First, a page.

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Jamie Bell Physiotherapy
Dean Clough

Can you tell other claimants anything about travel and facilities for this PIP face-to-face assessment centre? Please post in the comments section below if you can. 

Things like:

  • Distance to nearest bus stop or rail station.
  • Nearest parking, any disabled parking.
  • Distance to walk if you’re dropped as close to the door as possible.
  • Wheelchair access.
  • Toilets, including disabled toilets.
  • Ground floor or first floor.
  • Lift available.
  • Anything else you think might be helpful.

Please don’t comment on the staff though – we won’t be able to publish your comments if you do.


#2 soozie 2016-02-16 18:54
I got a taxi, which dropped me at the 'door' but the door leads to a badly signed reception which is down a very long corridor, there are two sets of stairs , the first having a wheelchair lift. There are no chairs along the corridor.

Reception is actually a large gift shop. You wait on low sofas. The room is bright, with huge windows and spotlights. People are constantly walking through and the woodfloors and echoey room amplify footsteps. They had music playing and were often several members of staff merrily chatting. Also , theres a security box next to the sofas which kept bleeping. I feel this is important as i expected a doctors waiting room type of experience and i struggle with sensory sensitivity.

The actual assessment room is back up the stairs and along another corridor, then another to get to the room. There are no arm rests in the chairs.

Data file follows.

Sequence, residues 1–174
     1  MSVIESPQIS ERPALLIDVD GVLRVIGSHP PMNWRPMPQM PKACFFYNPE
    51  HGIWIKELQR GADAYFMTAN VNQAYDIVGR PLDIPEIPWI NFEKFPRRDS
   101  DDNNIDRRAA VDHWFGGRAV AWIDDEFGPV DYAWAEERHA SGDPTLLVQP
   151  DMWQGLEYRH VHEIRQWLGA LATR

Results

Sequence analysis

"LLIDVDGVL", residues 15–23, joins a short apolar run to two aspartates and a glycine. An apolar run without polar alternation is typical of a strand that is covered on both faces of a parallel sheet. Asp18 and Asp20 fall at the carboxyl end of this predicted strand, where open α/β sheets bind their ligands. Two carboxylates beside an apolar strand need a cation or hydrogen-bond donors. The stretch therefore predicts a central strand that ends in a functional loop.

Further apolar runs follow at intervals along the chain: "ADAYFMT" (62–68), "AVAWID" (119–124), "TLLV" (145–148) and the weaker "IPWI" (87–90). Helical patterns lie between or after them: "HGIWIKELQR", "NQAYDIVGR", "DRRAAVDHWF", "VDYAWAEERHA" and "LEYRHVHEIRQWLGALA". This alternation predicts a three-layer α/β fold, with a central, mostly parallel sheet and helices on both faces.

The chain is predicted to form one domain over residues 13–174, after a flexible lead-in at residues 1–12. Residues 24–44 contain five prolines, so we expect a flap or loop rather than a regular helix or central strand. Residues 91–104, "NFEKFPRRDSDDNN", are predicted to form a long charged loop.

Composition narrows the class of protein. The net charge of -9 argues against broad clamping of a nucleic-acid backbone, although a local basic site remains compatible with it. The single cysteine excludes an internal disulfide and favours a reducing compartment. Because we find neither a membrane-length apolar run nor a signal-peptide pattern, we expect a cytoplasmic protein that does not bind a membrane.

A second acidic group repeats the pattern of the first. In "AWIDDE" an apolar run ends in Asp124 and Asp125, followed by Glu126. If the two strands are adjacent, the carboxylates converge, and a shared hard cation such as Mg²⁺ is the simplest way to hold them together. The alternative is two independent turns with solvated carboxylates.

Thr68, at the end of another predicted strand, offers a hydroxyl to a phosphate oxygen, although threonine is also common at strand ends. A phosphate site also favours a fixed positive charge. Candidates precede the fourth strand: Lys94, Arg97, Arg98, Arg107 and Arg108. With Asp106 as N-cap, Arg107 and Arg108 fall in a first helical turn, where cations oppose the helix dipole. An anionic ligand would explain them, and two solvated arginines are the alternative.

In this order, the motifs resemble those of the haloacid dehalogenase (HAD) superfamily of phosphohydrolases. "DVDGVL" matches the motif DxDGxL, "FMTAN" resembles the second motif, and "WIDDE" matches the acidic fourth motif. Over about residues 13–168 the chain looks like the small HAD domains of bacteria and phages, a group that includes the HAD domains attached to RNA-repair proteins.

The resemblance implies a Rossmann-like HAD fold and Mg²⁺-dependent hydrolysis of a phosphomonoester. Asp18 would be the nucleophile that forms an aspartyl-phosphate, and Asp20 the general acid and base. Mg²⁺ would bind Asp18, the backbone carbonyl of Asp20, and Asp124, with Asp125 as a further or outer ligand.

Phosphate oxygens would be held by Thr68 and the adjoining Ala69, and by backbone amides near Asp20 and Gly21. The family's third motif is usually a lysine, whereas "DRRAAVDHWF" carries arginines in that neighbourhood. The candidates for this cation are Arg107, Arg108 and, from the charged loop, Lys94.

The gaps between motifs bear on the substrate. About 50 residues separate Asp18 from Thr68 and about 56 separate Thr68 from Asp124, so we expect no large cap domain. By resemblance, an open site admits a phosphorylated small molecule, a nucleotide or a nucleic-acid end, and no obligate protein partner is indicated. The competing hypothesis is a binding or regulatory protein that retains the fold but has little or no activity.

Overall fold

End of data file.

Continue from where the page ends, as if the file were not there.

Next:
The assessment finished earliet than anticipated. I walked back and took a sit down in the loos. If , like me you take a break in your walking you can try to stand against a wall and look at the art on display throughout the corridor and maybe, like me you'll find yourself amongst a group of tourists who look as though they were trying to decipher whether your art or on something. From the loo i arranged for the taxi to cime straight away.

But there's no chairs or benches to wait on. Fortunately the taxi arrived before my body gave out although im not sure it's in my favour that it made it home .

Overall a dreadful and appalling location for a medical assessment. I wish i had have found this out first. Hope it helps you plan for your needs.
+3 #1 ellilu 2016-01-27 11:38
Dean Clough is easy enough to find but once you're in there, its like a maze! I went by car and followed the directions to the letter and entered by Gate 1. The disabled parking is VERY confusing because there are disabled signs which then have 'loading area only' on them so I ended up having to find a regular parking space quite away from the entrance but put my Blue Badge on.
It was quite a walk to the Reception which isn't very clearly signed anyway and I had to ask a shop owner where it was. Once inside, you have to go down stairs to reception - I didn't see a lift but there must be one somewhere. Then I had to go back upstairs for my interview.
There are plenty of toilets including disabled ones and its a very nice clean place but if you don't know Halifax and Dean Clough Mills, then I'd suggest you do a 'trial run' with someone. :-)

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